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Source: The Conversation (Au and NZ) – By Arvid O. I. Hoffmann, Professor of Marketing, University of Adelaide

About half the states in the United States have introduced so-called universal demand laws that make it harder for aggrieved shareholders to sue company directors and hold managers personally liable for decisions that have harmed the company.

One such lawsuit by Boeing shareholders resulted in current and former directors of the airline agreeing to pay it US$225 million over claims they had failed to properly oversee matters related to the safety of the relatively new 737 MAX after crashes in 2018 and 2019 that killed 346 people.

The payment went to the company rather than the shareholders who sued, allowing them to benefit indirectly along with other shareholders.

Boeing is incorporated in Delaware. Had it instead been incorporated in one of the 25 or so states with “universal demand” laws, the lawsuit would have been harder to get off the ground.

Universal demand laws make it harder to sue directors

In an attempt to work out the way in which the spread of these laws has changed the behaviour of directors and managers, we took advantage of their staged introduction, which began with the state of Georgia in 1989.

Our findings, analysing over 30 years of data from thousands of firms, were published this year in the Journal of Marketing. They point to an alarming unintended consequence of universal demand laws: a reduced willingness of firms to recall potentially hazardous products.

States shaded green had adopted universal demand laws by 2025.
Pouyan Foroughi

Firms incorporated in states that have adopted these laws are on average about 30% less likely to announce product recalls than firms incorporated in states without these rules.

We can find nothing else – neither improvements in product quality nor improvements in operational processes – that explains what we have found.

We have also observed a delay in the timing of the product recalls that firms in these states do issue.

On average, firms incorporated in states that have adopted universal demand laws wait about 50% longer before announcing recalls than firms in states that have not.

It means customers of firms incorporated in these states are exposed to potentially dangerous products for longer than customers of other firms.

In Australia and the UK too

Although our research uses data from the United States, its insights are universal.

Australia and the United Kingdom are two countries in which legal precedents make it hard for shareholders to sue directors and officers of companies. This means the rules are more like those of the US states that have adopted universal demand laws than those that have not.

Our findings suggest that, by shielding Australian and UK executives from personal liability, the law in these countries makes product recalls less likely than it could be. In turn, that makes the continued use of potentially dangerous products more likely.

In the absence of effective legal sanctions in these countries and in the US states that have adopted universal demand laws, it is up to companies themselves to make it harder for their executives to cut corners.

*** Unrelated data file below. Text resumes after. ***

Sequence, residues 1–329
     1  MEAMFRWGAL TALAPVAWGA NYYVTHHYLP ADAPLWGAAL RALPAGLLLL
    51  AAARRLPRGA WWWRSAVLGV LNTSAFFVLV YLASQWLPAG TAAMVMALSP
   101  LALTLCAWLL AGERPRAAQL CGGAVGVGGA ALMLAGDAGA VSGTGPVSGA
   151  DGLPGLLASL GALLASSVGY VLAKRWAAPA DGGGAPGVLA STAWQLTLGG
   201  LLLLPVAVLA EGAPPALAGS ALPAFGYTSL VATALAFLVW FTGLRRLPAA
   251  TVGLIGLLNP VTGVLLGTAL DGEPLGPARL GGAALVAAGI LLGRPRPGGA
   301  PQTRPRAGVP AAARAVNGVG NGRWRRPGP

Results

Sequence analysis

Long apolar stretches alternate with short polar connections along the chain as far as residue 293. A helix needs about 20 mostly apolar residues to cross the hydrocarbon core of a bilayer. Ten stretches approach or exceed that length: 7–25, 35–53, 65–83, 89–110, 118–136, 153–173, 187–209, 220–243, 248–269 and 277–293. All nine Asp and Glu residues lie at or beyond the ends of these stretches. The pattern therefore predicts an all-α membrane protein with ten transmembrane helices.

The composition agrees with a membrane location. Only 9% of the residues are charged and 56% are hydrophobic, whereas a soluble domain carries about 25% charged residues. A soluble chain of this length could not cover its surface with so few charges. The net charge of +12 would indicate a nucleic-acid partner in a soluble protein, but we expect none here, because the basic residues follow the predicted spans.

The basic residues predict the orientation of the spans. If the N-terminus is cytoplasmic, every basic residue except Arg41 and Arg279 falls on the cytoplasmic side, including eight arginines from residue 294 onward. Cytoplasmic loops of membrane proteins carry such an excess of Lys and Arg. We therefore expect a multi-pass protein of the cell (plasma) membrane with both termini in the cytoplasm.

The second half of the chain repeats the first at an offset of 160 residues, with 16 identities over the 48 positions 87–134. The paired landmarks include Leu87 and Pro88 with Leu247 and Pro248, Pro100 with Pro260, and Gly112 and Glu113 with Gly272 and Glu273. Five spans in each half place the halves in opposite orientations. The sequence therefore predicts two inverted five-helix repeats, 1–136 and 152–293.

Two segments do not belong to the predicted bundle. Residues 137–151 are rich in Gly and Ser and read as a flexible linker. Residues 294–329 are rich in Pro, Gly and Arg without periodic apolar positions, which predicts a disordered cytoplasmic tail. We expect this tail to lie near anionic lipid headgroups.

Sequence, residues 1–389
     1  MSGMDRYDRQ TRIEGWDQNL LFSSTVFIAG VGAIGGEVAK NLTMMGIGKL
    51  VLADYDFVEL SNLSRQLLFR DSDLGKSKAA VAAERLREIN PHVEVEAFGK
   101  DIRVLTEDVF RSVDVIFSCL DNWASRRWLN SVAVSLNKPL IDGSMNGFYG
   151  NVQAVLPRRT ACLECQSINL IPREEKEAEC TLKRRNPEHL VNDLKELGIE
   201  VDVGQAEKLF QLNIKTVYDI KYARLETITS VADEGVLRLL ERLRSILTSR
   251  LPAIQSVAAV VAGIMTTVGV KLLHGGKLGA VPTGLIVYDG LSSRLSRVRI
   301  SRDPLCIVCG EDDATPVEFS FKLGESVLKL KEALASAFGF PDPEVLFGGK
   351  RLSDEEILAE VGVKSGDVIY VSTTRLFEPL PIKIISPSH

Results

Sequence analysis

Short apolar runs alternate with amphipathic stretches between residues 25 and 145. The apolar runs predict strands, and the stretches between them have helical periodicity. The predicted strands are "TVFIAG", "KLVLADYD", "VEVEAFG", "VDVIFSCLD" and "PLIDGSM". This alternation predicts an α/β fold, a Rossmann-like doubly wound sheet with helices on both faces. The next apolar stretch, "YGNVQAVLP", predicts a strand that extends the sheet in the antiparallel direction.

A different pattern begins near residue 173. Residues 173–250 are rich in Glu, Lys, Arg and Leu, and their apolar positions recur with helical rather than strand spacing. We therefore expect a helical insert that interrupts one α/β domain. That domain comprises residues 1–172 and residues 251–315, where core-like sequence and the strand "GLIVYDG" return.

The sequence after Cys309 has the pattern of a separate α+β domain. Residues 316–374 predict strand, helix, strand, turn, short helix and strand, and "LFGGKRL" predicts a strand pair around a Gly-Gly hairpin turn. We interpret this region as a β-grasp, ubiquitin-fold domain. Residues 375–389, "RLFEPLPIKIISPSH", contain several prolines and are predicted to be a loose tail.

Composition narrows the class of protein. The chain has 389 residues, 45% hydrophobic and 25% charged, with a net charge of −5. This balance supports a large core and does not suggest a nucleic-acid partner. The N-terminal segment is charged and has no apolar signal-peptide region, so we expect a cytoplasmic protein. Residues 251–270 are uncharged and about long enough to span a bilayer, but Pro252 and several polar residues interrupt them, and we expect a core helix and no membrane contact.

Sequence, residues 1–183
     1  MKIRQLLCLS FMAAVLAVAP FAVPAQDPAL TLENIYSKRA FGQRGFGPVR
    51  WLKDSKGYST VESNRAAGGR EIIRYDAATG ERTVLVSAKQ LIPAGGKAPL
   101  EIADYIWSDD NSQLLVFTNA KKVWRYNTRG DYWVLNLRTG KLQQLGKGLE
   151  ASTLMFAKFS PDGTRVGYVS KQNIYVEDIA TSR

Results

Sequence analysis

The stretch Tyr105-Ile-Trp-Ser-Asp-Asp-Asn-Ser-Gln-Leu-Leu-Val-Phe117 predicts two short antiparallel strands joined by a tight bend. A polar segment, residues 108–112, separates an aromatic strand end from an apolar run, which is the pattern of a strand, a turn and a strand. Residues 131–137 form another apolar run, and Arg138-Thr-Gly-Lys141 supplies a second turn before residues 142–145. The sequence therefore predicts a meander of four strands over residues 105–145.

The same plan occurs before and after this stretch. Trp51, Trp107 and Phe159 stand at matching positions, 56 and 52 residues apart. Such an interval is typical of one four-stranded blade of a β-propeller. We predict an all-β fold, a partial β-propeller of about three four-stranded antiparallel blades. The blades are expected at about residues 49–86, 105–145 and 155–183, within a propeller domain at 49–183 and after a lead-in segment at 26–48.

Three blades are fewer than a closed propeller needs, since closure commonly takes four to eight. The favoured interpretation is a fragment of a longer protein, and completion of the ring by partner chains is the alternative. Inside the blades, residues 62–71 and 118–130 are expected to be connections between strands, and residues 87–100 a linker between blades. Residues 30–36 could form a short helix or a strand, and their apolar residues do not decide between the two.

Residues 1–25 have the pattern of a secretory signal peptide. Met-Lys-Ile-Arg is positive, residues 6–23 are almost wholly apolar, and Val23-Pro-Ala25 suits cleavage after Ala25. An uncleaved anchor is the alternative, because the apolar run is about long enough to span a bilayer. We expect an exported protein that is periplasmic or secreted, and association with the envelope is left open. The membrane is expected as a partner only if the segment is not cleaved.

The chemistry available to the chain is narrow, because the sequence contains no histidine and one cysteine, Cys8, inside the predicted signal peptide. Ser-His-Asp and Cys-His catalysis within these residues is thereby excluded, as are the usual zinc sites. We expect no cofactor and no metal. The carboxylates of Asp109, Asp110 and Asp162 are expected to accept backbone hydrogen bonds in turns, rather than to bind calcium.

Firms need to help themselves

Our research has identified two things that can help. Both seem to have an effect in the US states that make it hard for shareholders to sue directors.

One is oversight by institutional investors. As shareholders with large financial stakes, they are motivated to monitor executives in order to protect their long-term interests in a way in which company officials might not be.

We found the effect on product recalls of being incorporated in a state with universal demand laws was 10% less strong in firms with a high proportion of institutional ownership.

It’s an argument for firms to try to build up the proportion of their shares owned by long-term institutional investors.

Customer advocates can make a difference

The other thing that helps is a customer-focused culture. Such a culture is often denoted by the appointment of a chief marketing officer to the board of directors or the appointment of a consumer advocate.

We used text analysis of financial disclosures to develop a metric for the extent to which public companies were customer-focused.

We found the effect on product recalls of being in a state with universal demand laws was 11% less strong in companies that were highly customer-focused.

Without a strong customer-focused culture or pressure from investors or laws that focus the minds of executives, we have found firms are more likely to take shortcuts that will hurt both their customers and their enduring reputations.

For example, in 2021 the execise equipment company Peloton finally announced a recall of its treadmills after weeks of saying there was “no reason” to stop using them. Its share price fell 15.8%.

Dozens of customers had been injured and one child was reported to have died.

Peloton’s chief executive, John Foley, was forced to admit: “Peloton made a mistake in our initial response.” It cost it US$165 million in sales.

The Conversation

The authors do not work for, consult, own shares in or receive funding from any company or organisation that would benefit from this article, and have disclosed no relevant affiliations beyond their academic appointment.

ref. Sue me, if you can. How laws that prevent directors being sued make firms less likely to recall potentially dangerous products –